The Roosevelts: An Intimate History
Format: PDF / Kindle (mobi) / ePub
New York Times Bestseller
A vivid and personal portrait of America’s greatest political family and its enormous impact on our nation, which expands on the hugely acclaimed seven-part PBS documentary series, bringing readers even deeper into these extraordinary leaders’ lives
With 796 photographs, some never before seen
The authors of the acclaimed and best-selling The Civil War, Jazz, The War, and Baseball present an intimate history of three extraordinary individuals from the same extraordinary family—Theodore, Eleanor, and Franklin Delano Roosevelt.
Geoffrey C. Ward, distilling more than thirty years of thinking and writing about the Roosevelts, and the acclaimed filmmaker Ken Burns help us understand for the first time that, despite the fierce partisanship of their eras, the Roosevelts were far more united than divided.
All the history the Roosevelts made is here, but this is primarily an intimate account, the story of three people who overcame obstacles that would have undone less forceful personalities.
Theodore Roosevelt would push past childhood frailty, outpace depression, survive terrible grief—and transform the office of the presidency.
Eleanor Roosevelt, orphaned and alone as a child, would endure her husband’s betrayal, battle her own self-doubts, and remake herself into the most consequential first lady in American history—and the most admired woman on earth.
And Franklin Roosevelt, born to privilege and so pampered that most of his youthful contemporaries dismissed him as a charming lightweight, would summon the strength to lead the nation through the two greatest crises since the Civil War, though he could not take a single step unaided.
The three were towering personalities, but The Roosevelts shows that they were also flawed human beings who confronted in their personal lives issues familiar to all of us: anger and the need for forgiveness, courage and cowardice, confidence and self-doubt, loyalty to family and the need to be true to oneself. This is the story of the Roosevelts—no other American family ever touched so many lives.
known a great many years. My heart has always been here. It always will be.” To the president’s left are Franklin Roosevelt Jr. and his wife, Ethel du Pont Roosevelt; John Roosevelt and his wife, Anne Clark Roosevelt; Sara Delano Roosevelt and Eleanor. Credit 6.31 The Arsenal of Democracy Roosevelt redoubled his efforts at aiding Hitler’s enemies. In a December fireside chat, he declared that the Nazis could never be appeased: “No man can tame a tiger into a kitten by stroking it.” The only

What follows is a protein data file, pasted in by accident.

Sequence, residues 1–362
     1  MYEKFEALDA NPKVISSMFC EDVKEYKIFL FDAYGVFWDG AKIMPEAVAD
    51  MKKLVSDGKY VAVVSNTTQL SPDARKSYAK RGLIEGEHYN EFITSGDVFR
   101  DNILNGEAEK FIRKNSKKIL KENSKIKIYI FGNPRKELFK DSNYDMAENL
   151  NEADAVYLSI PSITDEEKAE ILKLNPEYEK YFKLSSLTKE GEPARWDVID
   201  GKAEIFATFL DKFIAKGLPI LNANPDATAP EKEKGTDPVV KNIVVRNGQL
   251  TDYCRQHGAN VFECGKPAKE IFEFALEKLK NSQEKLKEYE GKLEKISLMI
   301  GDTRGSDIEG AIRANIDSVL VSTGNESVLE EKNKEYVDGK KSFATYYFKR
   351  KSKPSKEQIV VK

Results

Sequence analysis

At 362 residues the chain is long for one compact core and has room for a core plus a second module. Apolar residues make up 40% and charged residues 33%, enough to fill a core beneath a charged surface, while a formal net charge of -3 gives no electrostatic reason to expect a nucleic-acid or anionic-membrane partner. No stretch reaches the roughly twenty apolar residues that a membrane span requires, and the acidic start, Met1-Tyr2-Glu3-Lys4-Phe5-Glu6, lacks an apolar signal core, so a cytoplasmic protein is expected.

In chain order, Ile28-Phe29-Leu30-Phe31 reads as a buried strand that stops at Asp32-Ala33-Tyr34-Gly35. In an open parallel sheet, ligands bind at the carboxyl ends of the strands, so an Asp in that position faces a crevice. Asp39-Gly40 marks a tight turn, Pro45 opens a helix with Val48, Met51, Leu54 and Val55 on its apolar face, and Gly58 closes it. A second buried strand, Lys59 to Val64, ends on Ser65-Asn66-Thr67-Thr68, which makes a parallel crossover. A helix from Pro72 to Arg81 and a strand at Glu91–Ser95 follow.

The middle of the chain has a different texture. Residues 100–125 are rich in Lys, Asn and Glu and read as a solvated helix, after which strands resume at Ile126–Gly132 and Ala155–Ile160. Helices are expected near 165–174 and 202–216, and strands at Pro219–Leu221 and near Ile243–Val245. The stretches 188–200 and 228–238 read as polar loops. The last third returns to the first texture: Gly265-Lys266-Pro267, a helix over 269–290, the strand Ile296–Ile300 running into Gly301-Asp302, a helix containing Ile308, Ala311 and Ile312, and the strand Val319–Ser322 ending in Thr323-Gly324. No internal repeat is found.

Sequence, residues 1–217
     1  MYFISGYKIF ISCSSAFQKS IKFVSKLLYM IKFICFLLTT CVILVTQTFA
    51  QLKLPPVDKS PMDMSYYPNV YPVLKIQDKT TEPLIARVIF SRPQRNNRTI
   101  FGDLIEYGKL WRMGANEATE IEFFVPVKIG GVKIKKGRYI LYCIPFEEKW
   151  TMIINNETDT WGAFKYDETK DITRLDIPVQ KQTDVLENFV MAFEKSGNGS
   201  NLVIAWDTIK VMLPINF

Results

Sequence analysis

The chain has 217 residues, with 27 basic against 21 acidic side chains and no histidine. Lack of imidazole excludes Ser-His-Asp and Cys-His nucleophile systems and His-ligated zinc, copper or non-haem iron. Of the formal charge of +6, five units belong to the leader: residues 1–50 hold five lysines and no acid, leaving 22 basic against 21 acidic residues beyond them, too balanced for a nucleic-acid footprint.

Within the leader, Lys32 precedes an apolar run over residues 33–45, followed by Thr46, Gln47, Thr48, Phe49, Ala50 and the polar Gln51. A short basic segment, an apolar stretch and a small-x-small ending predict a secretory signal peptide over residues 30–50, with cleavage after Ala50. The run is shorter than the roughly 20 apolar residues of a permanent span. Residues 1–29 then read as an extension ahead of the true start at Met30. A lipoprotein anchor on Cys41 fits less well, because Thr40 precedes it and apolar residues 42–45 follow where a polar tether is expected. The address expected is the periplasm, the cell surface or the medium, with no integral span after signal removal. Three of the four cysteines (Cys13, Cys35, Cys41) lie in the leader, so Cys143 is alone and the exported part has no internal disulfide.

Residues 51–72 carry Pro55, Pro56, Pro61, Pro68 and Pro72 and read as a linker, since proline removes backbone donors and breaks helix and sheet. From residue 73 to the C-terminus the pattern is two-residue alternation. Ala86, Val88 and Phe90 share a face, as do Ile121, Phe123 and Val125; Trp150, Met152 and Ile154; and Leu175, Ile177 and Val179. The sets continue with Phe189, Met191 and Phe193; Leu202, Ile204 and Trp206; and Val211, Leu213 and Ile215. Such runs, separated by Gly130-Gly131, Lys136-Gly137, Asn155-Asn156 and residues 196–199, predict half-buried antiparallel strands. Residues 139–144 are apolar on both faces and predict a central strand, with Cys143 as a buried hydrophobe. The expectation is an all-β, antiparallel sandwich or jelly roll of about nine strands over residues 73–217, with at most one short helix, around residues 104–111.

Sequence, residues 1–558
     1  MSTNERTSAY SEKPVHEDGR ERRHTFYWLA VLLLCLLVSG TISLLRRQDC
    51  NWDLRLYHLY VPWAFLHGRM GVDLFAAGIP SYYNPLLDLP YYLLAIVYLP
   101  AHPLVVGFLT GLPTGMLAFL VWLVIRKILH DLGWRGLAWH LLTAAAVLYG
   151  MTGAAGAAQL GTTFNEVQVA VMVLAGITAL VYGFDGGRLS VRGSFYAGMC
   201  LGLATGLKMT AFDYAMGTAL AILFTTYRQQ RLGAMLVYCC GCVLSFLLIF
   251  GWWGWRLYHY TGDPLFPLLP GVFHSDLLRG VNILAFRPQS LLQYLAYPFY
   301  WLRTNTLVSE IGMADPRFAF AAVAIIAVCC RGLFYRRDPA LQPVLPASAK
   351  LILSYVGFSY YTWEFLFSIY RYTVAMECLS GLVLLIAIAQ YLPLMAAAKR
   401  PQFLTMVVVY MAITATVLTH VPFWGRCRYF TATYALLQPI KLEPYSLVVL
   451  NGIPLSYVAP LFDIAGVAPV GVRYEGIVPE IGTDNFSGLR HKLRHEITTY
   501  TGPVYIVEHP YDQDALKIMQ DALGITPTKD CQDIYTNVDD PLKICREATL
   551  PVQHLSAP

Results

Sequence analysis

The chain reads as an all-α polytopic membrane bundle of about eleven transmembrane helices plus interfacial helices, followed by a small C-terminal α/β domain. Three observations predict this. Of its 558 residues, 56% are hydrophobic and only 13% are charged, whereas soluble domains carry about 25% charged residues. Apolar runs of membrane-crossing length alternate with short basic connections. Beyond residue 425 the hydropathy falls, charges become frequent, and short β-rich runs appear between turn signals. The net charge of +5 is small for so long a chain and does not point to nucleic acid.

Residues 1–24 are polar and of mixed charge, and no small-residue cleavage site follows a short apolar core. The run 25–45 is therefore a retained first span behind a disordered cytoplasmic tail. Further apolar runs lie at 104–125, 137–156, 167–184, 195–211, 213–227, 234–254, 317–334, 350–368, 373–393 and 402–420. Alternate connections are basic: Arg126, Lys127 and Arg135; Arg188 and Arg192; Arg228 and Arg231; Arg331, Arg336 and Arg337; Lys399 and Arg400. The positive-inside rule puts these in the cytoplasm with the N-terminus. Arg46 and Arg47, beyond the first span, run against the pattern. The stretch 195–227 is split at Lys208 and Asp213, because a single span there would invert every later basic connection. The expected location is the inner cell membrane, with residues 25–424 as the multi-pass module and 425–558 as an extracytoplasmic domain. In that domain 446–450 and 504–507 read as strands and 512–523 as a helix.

2.109: FDRL 73–135:1 2.110: FDRL MO 2005.1.2 2.111: Bill Stewart—Great White Fleet Collection 2.112: THRB 1186 2.113–2.121:(except br) Bill Stewart—Great White Fleet Collection 2.122: (br) HU TRC-PH-1(53)560.52:1908–1909 2.126: LOC LC-USZC4–6430 2.127: HU olvwork547481 2.128: LOC LC-USZ62–7757 2.129: HU olvwork577965 2.130: HU olvwork642270 2.131: HU olvwork592835 2.132: LOC LC-USZ62–106033 2.133: HU olvwork576760 2.134: HU TRC-PH-1 (61) 2.135: HU TRC-PH-1 (62) 2.136: HU TRC-PH-1
LOC LC-DIG-acd-2a05491 3.67: The Image Works ESVB0220162 3.68: THRB 3.69: LOC LC-DIG-hec-11935 3.70: THRB 2919 3.71: HU TRC-PH-1(81) 3.72: Unknown 3.73: FDRL 1917, 56–301(40) 3.74: R-VNHS 1220 3.75: Corbis BE003047 3.76: Corbis BE003089 3.77: Ball State University Libraries SPEC054–0066–0010 3.78: FDRL 1917 56–301(22) 3.79: HU olvwork378825 3.80: Colonel Robert R. McCormick Research Ctr. 3.81: HU olvwork378759 3.82: Theodore Roosevelt Association 3.83: LOC LC-USZ62–66285 3.84:
Secret Service wanted to send an escort; the first lady refused to have one, but she did agree to carry a revolver in her glove compartment—though she carried no ammunition with which to load it. When one man in Canada heard Eleanor give her last name he asked if she happened to be any relation to the late Theodore Roosevelt, whom he had greatly admired. Yes, she answered, “I am his niece.” They had tea together without his ever figuring out that she was married to the current president of the
had to be convinced that Sara was, as he said, “earnestly, seriously, entirely” in love. She was. James Roosevelt and Sara Delano were married on October 7, 1880, just six months after they met. A guest remembered that several women wept at the thought that “such a lovely girl should marry an old man.” On January 30, 1882, at Springwood, they had a son. Sara and her baby very nearly did not make it. Labor had stretched on for more than twenty-four hours. Sara was given too much chloroform. The